Wednesday, November 9, 2011
Review - The Currents of Space by Isaac Asimov
Short review: A man with no memories upsets the unequal political balance between two planets and a now discredited scientific theory features prominently.
He's trapped on a slave planet
Matter flows through space
Full review: The Currents of Space is part of Asimov's Galactic Empire trilogy (although they weren't really written as a trilogy as most people use the term today, and they can be read separately without any trouble). I found this to be the best of the three.
The novel is set on Floriana, a planet that is essentially a fiefdom of the planet Sark. Floriana is valuable for a rare and irreproducible agricultural product, and the rulers of Sark have no intention of ever losing control of this valuable resource. Floriana is a heavily controlled society, in which education is denied to all but a handful, and the inhabitants are taught to perceive the "Squires" of Sark as almost godlike beings. Into this situation a man with no memory and no past is found and taken in by the denizens of a small Florinian village. First the stranger's mere presence, and then his slowly recovering memories upset the society imposed upon the Florinians.
Running in parallel to this story is the tale of agents of the Galactic Empire at Trantor seeking to break the power of the Squires of Sark without resorting to war. Eventually, the two sides of the story weave together, until several surprising secrets are revealed concerning the wealth produced by Floriana, the threat it is under, the identity of the mysterious amnesiac stranger, and how all three are interrelated.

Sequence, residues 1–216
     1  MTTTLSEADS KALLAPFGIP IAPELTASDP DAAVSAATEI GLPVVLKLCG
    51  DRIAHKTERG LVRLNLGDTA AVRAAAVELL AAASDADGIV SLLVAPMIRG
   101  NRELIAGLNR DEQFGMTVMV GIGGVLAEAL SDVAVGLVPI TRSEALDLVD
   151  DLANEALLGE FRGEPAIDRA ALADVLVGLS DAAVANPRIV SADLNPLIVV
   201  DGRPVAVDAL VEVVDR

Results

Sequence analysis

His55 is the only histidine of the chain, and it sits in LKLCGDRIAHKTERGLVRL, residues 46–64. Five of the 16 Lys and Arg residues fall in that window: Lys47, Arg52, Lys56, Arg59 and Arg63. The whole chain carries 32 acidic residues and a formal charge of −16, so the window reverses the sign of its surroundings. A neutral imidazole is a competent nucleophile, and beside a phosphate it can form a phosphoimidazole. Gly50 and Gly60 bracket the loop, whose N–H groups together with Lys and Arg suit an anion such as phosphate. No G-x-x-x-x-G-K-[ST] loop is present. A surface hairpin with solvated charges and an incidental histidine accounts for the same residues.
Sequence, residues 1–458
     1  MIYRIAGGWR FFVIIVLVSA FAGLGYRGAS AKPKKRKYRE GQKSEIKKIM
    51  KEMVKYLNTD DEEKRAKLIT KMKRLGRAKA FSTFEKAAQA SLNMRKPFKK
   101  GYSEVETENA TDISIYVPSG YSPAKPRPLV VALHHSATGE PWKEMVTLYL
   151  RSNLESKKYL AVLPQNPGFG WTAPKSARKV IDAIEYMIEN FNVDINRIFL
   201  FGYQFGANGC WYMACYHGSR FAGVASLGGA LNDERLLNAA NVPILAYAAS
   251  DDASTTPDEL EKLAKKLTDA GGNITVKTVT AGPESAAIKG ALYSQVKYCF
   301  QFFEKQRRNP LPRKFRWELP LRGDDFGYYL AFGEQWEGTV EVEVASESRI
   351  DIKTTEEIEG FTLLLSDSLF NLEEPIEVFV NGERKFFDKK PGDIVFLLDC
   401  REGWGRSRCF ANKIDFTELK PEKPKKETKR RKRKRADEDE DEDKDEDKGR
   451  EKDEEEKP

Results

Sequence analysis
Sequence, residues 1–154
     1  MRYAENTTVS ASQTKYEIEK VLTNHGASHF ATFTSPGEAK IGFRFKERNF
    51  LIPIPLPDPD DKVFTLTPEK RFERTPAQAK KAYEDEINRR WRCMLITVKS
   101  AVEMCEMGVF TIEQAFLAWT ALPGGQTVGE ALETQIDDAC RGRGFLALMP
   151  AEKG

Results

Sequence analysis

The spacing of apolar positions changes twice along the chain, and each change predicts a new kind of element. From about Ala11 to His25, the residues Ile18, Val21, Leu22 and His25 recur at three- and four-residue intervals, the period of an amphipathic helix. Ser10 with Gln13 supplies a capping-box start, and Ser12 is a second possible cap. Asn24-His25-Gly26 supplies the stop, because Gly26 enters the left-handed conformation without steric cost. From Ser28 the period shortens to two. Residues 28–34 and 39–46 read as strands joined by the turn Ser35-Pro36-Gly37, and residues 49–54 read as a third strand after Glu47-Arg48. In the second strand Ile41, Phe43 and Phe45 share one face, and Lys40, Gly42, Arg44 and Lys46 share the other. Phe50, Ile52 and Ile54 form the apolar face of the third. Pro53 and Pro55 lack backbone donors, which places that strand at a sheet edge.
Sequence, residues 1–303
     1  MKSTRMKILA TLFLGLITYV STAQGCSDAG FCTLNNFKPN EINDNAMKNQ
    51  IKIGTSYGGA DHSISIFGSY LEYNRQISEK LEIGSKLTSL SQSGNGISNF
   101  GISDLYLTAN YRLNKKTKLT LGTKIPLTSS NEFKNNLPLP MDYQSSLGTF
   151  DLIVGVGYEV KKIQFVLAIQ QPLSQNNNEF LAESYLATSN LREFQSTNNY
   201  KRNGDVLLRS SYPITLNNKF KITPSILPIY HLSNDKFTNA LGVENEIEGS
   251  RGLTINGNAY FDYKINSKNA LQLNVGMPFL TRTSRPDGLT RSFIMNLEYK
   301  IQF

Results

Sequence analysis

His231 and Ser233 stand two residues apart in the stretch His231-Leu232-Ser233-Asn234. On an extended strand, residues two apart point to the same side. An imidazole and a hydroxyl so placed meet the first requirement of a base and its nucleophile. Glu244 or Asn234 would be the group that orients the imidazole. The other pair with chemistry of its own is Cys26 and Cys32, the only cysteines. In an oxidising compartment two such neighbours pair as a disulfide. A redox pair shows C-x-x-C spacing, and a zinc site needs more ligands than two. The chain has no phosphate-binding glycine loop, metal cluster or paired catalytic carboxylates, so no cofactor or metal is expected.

This is one of Asimov's better novels - not as good as the Foundation or Robot books, but in the groups that falls right behind them. The characters are well-written, and (unlike those in some other Asimov books) have rational reactions to the events they find themselves confronted with. The story is quite good, both as a story of political intrigue, and a story of the impact of the surrounding environment that affects the skulduggery (although the science behind the science fiction in the book is well out of date). I found it to be an interesting and engaging book that is well worth reading.
Previous book in the series: The Stars, Like Dust
Subsequent book in the series: Pebble in the Sky
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